Guys guys holy shit one day when we are all old and start to die on the news there’s going to be ‘last remaining person alive from the 1900’s has died’ BECAUSE ONE OF US IS GOING TO BE THE LAST PERSON ALIVE FROM WHEN THE YEARS BEGAN WITH A ‘1’ AND ITS PROBABLY GONNA BE A BIG THING THIS FEELS WEIRD
obviously youre lookin for a competition and im winning
No matter how forlorn my hopes*:
- Mary and Molly to have a conversation
- Molly and Sally to have a conversation
- Molly and Mrs. Hudson to have a conversation that isn’t about Sherlock and lasts more than four sentences.
- To finally meet Harry Watson
- For Anthea to have some actual dialogue
*please note that these hopes are in no way exclusive of having a rather keen interest in the Adventures of Dr. Stumpy McChafing and Cheekbones McGee.
Dr. Stumpy McChafing and Cheekbones McGee!
My dad just said: at your age you’ll probably wanna try a lot of things. Boys, girls, being a girl, being a boy, being punk or goth or spunky. And im okay with that. As long as you don’t come home and tell me youre a republican
This fashionable red silk gauze dress was a bold choice for a wedding. It was worn by Monica Maurice (1908-1995) for a quiet marriage to Dr.Arthur Newton Jackson (1904-1985) at the Chapel of Our Lady on Rotheram Bridge in South Yorkshire on 18 June 1938. Monica was an independent and unconventional woman who in 1938 become the first – and until 1978 only – woman member of the Association of Mining Electrical Engineers. In addition to her passions for racing cars and flying, she loved to wear striking and stylish clothes. For her wedding she chose a feminine day dress in her favourite colour, a rich ruby red. The sheer dress was worn with a matching artificial silk slip and contrasting deep blue silk belt. She wore a floral wreath with a shoulder-length veil. Although her headdress has not survived and is only visible in black-and-white family photographs, her veil seems to have been either red or blue to match the dress.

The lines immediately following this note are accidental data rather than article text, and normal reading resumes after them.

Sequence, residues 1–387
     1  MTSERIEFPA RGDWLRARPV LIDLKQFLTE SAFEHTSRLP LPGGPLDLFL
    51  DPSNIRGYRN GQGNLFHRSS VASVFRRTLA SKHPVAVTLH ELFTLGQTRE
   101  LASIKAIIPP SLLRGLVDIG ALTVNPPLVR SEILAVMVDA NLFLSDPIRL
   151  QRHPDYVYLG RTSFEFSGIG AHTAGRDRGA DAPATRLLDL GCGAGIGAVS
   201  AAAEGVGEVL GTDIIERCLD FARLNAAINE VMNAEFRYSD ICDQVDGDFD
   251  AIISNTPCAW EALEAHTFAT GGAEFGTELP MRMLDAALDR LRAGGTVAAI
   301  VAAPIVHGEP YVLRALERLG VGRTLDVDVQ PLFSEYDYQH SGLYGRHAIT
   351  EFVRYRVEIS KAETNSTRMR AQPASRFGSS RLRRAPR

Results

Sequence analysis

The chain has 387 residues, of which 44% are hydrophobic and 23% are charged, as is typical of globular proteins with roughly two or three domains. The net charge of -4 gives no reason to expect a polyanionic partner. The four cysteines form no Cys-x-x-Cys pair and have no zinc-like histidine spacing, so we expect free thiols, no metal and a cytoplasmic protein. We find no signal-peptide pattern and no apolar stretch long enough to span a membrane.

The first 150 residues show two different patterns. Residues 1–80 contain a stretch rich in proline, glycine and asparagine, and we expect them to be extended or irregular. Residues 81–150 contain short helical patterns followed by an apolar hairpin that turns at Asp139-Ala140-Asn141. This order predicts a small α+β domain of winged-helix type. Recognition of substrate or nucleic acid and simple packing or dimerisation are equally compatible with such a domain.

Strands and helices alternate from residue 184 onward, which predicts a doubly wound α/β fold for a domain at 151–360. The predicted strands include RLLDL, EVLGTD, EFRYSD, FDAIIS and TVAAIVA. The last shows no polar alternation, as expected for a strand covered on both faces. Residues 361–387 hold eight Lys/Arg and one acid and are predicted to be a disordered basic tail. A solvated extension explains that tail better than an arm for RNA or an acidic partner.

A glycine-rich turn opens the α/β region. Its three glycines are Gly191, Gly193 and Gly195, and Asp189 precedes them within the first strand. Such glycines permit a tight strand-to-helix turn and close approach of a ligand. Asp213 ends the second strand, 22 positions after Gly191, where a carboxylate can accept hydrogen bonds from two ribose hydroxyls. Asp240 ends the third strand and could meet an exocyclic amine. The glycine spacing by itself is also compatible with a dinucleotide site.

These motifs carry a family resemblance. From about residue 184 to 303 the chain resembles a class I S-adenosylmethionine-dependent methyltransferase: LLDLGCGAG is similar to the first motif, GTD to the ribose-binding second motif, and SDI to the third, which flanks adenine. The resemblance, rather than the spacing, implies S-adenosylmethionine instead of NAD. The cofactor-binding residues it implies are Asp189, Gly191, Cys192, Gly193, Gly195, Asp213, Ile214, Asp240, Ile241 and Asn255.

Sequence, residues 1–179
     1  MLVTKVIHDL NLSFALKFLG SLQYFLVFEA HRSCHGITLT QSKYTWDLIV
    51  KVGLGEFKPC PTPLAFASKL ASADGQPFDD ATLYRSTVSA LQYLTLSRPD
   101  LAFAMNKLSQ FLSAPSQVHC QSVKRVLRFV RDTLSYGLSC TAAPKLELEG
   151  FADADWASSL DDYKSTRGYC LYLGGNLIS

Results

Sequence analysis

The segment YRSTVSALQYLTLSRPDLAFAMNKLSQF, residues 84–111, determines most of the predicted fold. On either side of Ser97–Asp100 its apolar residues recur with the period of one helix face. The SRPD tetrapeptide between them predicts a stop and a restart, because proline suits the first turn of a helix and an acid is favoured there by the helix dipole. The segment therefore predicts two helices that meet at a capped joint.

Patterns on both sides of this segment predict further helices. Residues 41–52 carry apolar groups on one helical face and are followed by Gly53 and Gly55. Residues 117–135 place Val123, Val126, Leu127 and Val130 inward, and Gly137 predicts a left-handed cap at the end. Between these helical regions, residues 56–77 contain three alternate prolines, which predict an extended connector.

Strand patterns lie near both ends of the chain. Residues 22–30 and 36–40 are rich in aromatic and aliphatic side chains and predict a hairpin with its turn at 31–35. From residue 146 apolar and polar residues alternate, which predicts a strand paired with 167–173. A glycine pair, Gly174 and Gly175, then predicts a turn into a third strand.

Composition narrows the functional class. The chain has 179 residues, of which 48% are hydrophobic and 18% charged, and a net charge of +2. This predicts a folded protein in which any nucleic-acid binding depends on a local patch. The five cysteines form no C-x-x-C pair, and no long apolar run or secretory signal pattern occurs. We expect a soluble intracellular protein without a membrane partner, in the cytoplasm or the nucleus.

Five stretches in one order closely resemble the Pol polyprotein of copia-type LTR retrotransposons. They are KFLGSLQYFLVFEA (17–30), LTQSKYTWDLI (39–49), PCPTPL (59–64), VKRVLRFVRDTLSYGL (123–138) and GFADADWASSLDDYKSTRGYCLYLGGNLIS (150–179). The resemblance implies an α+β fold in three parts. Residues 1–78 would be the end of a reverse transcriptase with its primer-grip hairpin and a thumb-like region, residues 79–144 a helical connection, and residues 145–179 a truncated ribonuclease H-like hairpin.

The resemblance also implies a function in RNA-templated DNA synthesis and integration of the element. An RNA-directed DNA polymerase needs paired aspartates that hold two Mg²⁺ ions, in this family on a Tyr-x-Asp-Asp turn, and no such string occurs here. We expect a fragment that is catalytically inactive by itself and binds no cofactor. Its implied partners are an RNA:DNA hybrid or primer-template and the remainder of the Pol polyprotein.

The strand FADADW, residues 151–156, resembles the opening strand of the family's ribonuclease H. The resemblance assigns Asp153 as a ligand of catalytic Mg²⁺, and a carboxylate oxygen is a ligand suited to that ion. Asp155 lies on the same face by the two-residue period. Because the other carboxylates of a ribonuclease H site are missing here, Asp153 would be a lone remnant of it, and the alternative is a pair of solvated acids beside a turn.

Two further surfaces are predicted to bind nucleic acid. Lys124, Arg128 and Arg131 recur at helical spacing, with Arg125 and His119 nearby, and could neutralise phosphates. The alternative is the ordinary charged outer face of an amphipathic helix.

For the bride conditioned to think in terms of a traditional Western white-wedding, red is one of the most daring alternative colours. However, in many non-Western cultures, red is traditional for wedding garments. It is often worn by Hindu and Muslim brides, and for Chinese and Vietnamese brides the colour represents good luck.